The spatial mapping of NO, NO2 and BC have been described in detail previously [7]. In brief, we partnered with Google Earth Outreach and outfitted two Google Street View cars (cars used by Google to take panoramic pictures of streets which are often featured in Google Maps and Google Earth), with fast-response analyzers and two independent GPS (Global Position System) receivers with ~ 3 m precision. NO was measured by chemiluminescence (Model CLD64, Eco Physics AG, Switzerland), NO2 was measured using 450 nm cavity-attenuation phase-shift spectroscopy (Model T500 U, Teledyne Inc., San Diego, CA), and black carbon (BC) particles were measured using a photoacoustic extinctiometer (Droplet Measurement Technologies, Boulder, CO). Drive plans for the cars were designed to carry out a seasonally balanced, repeated measurement campaign that covered different times of day (8 am to 6 pm) across the workweek for every road in the selected neighborhoods (West Oakland, Downtown and East Oakland; 30 km2 area). The measurement campaign collected an average of 31 days and 200 1-Hz measurements between May 2015 and May 2016 for each 30 m of road in the study design. The large resulting data set (3 × 106 1-Hz measurements; 24,000 total vehicle-km on 750 road-km) is unique with very high coverage density and repeat-visit frequency. Measurements were temporally corrected to a daily average using the ratio of the hourly average and the daily average from the West Oakland site of the Bay Air Quality Management District. For every 30 m road length, the median of all 1 Hz concentrations measured over the year was computed to provide a long term pollutant map of BC, NO and NO2. The median long-term exposure to each traffic-related air pollutant was chosen as the exposure of interest to be more robust to stochastic extreme concentrations (outliers). Exposures at 30 m resolution were used in the main analyses. Sensitivity analyses also considered averaged median exposures within a buffer of 60 m radius and 120 m radius. Each subjects’ address of residence at entry into the study cohort was geocoded and linked to the location of the closest air pollution measurement. Subjects were censored at the date of a change of address using the address history dates obtained from KPNC membership databases.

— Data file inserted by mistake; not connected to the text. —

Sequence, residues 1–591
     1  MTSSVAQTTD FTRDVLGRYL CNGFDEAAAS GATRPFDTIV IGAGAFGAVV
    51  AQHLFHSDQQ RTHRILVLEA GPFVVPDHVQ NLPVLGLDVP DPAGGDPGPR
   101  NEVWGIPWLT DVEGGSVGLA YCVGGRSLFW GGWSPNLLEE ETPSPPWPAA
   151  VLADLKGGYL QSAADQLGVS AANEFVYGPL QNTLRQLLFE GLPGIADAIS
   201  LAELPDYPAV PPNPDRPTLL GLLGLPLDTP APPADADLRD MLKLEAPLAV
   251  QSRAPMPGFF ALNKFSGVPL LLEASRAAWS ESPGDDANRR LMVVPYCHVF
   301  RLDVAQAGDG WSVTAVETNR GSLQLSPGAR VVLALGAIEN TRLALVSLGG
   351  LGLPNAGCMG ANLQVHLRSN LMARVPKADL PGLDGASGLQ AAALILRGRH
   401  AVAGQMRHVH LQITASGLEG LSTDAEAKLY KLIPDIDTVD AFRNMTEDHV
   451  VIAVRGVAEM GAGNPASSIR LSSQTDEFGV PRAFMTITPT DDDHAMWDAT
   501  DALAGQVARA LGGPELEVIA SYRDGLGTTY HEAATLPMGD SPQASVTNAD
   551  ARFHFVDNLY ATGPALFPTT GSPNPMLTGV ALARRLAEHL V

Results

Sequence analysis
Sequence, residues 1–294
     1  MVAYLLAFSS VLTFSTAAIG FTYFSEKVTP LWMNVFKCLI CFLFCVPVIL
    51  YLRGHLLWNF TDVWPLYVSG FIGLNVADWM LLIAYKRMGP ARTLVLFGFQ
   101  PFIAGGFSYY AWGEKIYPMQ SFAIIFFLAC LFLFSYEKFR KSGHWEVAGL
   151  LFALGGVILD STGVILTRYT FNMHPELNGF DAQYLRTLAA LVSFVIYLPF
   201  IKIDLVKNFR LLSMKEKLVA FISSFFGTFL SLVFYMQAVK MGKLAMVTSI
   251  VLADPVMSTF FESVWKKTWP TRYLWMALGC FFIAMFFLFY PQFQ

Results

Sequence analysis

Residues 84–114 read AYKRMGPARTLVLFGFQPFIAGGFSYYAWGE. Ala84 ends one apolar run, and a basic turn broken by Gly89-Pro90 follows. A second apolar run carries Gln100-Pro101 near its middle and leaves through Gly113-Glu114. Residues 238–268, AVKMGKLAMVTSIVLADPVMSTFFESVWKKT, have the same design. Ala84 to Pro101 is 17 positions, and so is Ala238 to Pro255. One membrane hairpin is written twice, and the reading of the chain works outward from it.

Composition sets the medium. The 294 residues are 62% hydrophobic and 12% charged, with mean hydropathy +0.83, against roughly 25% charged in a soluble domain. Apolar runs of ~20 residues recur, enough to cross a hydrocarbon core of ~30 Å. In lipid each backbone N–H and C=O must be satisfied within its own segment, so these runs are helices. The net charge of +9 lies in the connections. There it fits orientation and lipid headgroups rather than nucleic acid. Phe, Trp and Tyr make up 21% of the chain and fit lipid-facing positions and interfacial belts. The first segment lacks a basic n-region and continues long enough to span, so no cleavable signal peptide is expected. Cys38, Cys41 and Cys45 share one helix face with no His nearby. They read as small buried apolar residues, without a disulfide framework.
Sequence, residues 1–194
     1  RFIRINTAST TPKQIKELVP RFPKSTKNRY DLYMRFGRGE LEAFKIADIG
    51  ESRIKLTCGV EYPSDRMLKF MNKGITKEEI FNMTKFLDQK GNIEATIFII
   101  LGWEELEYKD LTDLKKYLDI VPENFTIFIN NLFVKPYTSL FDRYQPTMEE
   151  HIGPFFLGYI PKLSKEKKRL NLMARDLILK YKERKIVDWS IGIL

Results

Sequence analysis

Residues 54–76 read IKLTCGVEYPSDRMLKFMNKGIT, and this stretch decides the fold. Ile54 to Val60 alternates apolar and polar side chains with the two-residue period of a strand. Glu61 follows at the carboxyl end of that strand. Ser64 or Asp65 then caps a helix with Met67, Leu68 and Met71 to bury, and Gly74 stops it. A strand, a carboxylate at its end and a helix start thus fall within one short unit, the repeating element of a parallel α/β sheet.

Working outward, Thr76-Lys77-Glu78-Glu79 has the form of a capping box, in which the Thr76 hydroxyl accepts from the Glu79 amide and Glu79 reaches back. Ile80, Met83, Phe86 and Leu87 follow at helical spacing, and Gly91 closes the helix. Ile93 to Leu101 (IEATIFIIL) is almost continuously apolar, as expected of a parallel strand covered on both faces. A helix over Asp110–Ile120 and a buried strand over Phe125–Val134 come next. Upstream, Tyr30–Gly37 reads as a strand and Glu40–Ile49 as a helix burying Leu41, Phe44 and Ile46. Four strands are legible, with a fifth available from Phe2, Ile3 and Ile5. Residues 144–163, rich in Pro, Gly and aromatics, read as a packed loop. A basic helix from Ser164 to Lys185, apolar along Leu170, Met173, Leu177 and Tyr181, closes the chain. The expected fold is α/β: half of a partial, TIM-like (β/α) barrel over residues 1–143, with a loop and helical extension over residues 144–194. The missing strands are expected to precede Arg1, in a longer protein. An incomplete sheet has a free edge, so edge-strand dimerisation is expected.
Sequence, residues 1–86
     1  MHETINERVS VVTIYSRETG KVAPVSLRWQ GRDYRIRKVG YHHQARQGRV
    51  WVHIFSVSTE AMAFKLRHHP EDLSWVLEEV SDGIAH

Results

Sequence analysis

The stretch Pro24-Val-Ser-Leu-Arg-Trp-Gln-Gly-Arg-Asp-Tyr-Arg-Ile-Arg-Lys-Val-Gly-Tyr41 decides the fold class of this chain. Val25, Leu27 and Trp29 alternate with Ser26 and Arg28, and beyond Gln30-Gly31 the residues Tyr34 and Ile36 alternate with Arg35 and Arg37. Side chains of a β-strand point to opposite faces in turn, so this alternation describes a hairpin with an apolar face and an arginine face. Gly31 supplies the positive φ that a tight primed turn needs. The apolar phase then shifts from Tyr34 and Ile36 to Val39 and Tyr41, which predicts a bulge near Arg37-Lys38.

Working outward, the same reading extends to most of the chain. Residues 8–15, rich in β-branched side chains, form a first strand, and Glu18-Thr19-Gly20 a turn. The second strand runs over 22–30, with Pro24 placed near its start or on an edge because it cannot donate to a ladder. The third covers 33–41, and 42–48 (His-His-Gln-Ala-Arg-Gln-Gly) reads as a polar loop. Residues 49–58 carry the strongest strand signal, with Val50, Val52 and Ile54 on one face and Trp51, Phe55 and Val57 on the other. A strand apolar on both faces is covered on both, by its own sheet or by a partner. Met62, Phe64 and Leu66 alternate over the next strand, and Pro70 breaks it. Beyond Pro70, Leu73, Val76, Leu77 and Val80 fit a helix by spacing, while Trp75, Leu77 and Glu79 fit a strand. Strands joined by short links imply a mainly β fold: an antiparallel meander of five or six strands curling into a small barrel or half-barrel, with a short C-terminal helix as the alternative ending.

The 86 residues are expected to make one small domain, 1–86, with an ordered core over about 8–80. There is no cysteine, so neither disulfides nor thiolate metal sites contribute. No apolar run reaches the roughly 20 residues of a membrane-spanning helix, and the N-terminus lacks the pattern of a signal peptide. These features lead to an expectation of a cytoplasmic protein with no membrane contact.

Covariates